Circle Theatre’s MARVIN’S ROOM Is A Moving Portrait Of Family Struggles
Life is a series of choices and how we make those choices is ultimately how we are remembered after we have departed. The choice to take care of an ailing loved one and abandon any claim one may have on having a life of their own is the ultimate in sacrifice. Circle Theatre’s intimate and moving remount of Scott McPherson’s 1990 play Marvin’s Room explores this issue and many more.
Marvin’s Room, which had its initial premiere at the Goodman’s studio theatre, tells the story of two sisters, Bessie who is taking care of her stoke ridden father and ailing aunt; the other, Lee, who emotionally abandoned that part of her family because of issues she has with two sons of her own. Both, though separated for over a decade, are brought together to deal with another family tragedy, that of the elder sister developing leukemia. As the story unwinds, the focus shifts from illness to healing and how a family finds redemption in the face of death.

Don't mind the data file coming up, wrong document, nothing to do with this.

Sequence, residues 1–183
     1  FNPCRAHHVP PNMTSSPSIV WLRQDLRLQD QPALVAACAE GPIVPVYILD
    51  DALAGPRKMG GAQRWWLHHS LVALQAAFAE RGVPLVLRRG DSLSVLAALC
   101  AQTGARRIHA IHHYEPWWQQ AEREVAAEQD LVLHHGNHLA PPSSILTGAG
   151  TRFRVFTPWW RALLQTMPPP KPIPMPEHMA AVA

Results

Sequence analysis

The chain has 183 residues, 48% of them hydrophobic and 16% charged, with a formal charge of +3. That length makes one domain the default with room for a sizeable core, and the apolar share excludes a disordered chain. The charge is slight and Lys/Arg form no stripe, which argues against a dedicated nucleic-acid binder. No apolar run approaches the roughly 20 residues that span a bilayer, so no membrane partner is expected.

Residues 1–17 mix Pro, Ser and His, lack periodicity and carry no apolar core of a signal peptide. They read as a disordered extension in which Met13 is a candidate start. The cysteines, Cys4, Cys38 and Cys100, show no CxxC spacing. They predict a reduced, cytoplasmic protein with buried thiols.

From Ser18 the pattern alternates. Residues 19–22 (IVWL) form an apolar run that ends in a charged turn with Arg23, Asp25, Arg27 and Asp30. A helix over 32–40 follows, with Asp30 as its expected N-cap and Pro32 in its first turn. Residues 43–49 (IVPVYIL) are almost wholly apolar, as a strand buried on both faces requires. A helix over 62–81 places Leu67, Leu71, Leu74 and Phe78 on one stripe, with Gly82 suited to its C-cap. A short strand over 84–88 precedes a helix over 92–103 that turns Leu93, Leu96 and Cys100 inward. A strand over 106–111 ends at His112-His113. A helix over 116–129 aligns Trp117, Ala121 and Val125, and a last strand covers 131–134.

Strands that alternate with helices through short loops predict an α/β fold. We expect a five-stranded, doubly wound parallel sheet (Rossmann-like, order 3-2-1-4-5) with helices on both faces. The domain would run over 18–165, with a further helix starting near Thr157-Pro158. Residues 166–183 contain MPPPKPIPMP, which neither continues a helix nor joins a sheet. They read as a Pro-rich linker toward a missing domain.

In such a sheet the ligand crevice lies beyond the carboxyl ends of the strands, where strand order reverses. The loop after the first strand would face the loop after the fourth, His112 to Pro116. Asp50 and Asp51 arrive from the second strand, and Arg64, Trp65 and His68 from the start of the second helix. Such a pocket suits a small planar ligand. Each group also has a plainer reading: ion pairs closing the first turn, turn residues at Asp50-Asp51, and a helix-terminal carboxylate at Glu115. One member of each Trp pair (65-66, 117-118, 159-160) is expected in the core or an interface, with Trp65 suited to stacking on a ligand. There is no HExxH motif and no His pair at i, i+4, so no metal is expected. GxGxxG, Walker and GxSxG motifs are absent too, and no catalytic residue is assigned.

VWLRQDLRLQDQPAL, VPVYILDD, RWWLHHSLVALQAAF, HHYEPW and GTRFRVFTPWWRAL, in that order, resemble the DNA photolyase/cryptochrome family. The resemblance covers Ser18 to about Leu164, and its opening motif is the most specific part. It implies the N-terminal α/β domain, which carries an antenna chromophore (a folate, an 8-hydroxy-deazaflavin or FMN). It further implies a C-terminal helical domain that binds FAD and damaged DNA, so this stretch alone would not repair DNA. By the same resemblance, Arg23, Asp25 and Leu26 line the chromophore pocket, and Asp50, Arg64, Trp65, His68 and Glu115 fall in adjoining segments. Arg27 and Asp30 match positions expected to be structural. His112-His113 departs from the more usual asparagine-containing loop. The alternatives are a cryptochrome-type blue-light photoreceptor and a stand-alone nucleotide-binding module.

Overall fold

Director Mary C. Redmon mounts a straight forward, no-nonsense production at Circle Theatre’s new studio space. Ms. Redmon has assembled a solid cast, although not entirely age appropriate, some of which turn in sensational performances. Amanda Hartley is a bit too young for the role of Bessie but gives a mature performance especially in the second act as her health is in swift decline. The play kicks in to high gear with the appearance of Elizabeth Morgan, who mixes humor with pathos as Lee, Bessie’s sister who put up emotional barriers that has destroyed all her relationships, including those of her own children, Hank and Charlie. As Hank, Todd Aiello turns in the best performance of the play and commands very scene he is in. Hank is always on the edge and Mr. Aiello balances these emotions in the most believable of ways.
The cast is rounded out by the always great Kate Kisner as Ruth who gives the dark script some levity. Danny Mulae does fine work as Charlie, Hank’s younger brother who has emotional issues of his own. By the end of this play the playwright’s theme of familial redemption comes through with resounding brilliance showing that Ms. Redmon and her fine cast have accomplished the truth of the piece.
Marvin’s Room plays through September 30, 2012 at the Circle Studio Theatre In Oak Park. Performances are Fridays and Saturdays at 8 p.m. and Sundays at 3pm. For tickets, call (708) 660 9540 or visit http://www.circle-theatre.org